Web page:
Self-Censored

14 results arranged by date

Alerts   |   Mexico

Mexican news editor abducted in Acapulco

New York, June 10, 2011--The Committee to Protect Journalists calls on Mexican authorities to conduct a thorough investigation into the abduction of news editor Marco Antonio López Ortiz, who appears to have been kidnapped on Tuesday in Acapulco, Guerrero state.

June 10, 2011 3:12 PM ET

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Attacks on the Press   |   Egypt, Iran, Iraq, Israel and the Occupied Palestinian Territory, Lebanon, Morocco, Sudan, Tunisia, Turkey, Yemen

Attacks on the Press 2010: Middle East and North Africa Analysis

Suppression Under the Cover of National Security

A police trooper stands guard on a police vehicle outside a state security court in Sanaa, Yemen. (Reuters/Khaled Abdullah)

By Mohamed Abdel Dayem

Relying on an extensive network of sources in the military, government, and Islamist groups, Yemeni freelance journalist Abdulelah Shaea had become a frequent and pointed critic of the administration's counterterrorism efforts. By July, President Ali Abdullah Saleh's government had enough, dispatching security agents to seize and roughly interrogate Shaea for several hours about his reporting.

Blog   |   CPJ, Mexico

PEN, CPJ call attention to Mexico press crisis

"Tell them not to kill me!" pleads a man in the opening lines of a fascinating tale of violence with the same title by one of Mexico's most esteemed writers, Juan Rulfo. It is, sadly, the same cry for help that Mexican journalists are sending out to the world today. On Tuesday, October 19, prominent writers and journalists from Mexico and the United States will gather in New York for "State of Emergency: Censorship by Bullet in Mexico," an evening of readings and discussions about the threats facing members of the Mexican press who report on drug-related violence.

October 14, 2010 3:30 PM ET

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Blog   |   Mexico

CPJ to meet with Calderón in Mexico City on press crisis

A protest on behalf of slain and missing journalists in Mexico City in August. (Reuters/Henry Romero)

CPJ's meeting in Mexico on Wednesday with President Felipe Calderón cannot be more timely. A joint delegation with the Inter American Press Association will discuss Mexico's fast-deteriorating press freedom climate.

September 21, 2010 12:56 PM ET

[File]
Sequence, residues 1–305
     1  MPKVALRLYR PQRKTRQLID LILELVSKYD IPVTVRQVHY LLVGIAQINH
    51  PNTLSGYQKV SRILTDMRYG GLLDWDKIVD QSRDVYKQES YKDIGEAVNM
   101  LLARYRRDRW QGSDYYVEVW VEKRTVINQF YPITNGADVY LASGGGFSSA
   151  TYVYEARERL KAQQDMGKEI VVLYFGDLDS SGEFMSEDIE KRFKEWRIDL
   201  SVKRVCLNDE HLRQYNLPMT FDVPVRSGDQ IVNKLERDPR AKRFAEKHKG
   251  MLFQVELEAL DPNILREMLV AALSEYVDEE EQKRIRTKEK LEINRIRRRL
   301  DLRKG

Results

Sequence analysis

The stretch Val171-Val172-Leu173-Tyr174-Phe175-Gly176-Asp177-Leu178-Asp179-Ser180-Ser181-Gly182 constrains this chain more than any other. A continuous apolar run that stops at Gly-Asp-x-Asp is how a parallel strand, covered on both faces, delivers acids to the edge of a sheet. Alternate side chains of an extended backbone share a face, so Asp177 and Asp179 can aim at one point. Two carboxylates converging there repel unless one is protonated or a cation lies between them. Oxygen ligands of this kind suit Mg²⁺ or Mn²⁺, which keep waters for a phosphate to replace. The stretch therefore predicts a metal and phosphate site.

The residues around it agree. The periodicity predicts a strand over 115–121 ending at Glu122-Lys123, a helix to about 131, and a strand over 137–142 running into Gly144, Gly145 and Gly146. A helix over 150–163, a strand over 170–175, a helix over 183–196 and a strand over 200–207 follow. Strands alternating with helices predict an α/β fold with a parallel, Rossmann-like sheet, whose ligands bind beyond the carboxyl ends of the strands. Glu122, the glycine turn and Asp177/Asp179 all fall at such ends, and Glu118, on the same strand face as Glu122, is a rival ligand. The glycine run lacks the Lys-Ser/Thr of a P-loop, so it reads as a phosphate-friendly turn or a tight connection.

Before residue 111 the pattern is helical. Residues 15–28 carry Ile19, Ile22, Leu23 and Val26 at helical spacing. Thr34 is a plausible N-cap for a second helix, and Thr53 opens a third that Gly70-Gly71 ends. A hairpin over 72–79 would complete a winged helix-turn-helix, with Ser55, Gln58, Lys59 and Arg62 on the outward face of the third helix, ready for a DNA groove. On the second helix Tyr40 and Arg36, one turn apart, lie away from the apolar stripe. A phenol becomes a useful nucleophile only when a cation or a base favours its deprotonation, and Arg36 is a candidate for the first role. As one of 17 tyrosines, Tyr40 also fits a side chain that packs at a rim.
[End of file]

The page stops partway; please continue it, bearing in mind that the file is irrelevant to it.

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Reports   |   Mexico

Silence or Death in Mexico's Press

Crime, Violence, and Corruption
Are Destroying the Country's Journalism



The drug traffickers, violent criminals, and corrupt officials who threaten Mexico’s future have killed, terrorized, and co-opted journalists, knowing that controlling the flow of information will further their needs. They have been increasingly successful, and the results have been devastating. A CPJ special report by Carlos Lauría and Mike O'Connor

September 8, 2010 12:20 AM ET

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Reports   |   Mexico

Silence or Death in Mexico's Press

Preface by Joel Simon

Plomo o plata. Lead or silver. It’s a well-worn phrase in Mexico, one that’s all too familiar to the country’s journalists. It means, simply, we own you. Take our plata (slang for money) and publish what we tell you. Or we kill you.


September 8, 2010 12:18 AM ET

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Reports   |   Mexico

Silence or Death in Mexico's Press

1. Summary

Violence against the press has swept the nation and destroyed Mexicans’ right to freedom of expression. This national crisis demands a full-scale federal response.


September 8, 2010 12:17 AM ET

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Reports   |   Mexico

Silence or Death in Mexico's Press

2. A Nation in Crisis

More than 30 journalists and media workers have been murdered or have vanished since December 2006. As vast self-censorship takes hold, Mexico’s future as a free and democratic society is at risk.


September 8, 2010 12:16 AM ET

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Reports   |   Mexico

Silence or Death in Mexico's Press

3. Murder in Durango

Crime reporter Bladimir Antuna García knew all the cops and crooks in Durango. When he received death threats, state investigators ignored them. When he was murdered, they ignored that as well.


Reports   |   Mexico

Silence or Death in Mexico's Press

4. Cartel City

In Reynosa, the Gulf criminal group controls the government, the police, even the street vendors. You won’t see that story in the local press. The cartel controls the media, too.


September 8, 2010 12:12 AM ET

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